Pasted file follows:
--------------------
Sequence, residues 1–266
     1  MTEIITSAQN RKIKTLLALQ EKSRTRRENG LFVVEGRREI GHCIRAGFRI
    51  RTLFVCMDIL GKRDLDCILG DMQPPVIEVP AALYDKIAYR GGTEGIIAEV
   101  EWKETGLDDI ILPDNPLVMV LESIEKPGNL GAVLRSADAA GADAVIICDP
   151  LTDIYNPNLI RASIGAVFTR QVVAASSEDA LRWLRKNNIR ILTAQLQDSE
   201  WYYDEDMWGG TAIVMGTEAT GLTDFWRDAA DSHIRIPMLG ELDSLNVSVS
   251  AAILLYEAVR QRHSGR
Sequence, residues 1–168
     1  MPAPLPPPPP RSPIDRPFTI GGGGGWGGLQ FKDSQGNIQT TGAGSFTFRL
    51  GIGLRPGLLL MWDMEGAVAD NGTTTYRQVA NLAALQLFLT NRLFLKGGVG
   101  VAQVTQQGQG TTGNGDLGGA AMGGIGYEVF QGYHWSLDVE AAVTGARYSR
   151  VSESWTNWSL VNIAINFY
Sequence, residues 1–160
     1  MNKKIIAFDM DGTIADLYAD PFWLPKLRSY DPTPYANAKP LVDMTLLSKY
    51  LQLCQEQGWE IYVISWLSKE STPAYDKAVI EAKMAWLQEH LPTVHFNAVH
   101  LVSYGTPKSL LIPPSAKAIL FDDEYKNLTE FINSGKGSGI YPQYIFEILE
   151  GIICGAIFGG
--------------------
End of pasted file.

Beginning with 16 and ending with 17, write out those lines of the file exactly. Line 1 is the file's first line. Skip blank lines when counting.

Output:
   101  LVSYGTPKSL LIPPSAKAIL FDDEYKNLTE FINSGKGSGI YPQYIFEILE
   151  GIICGAIFGG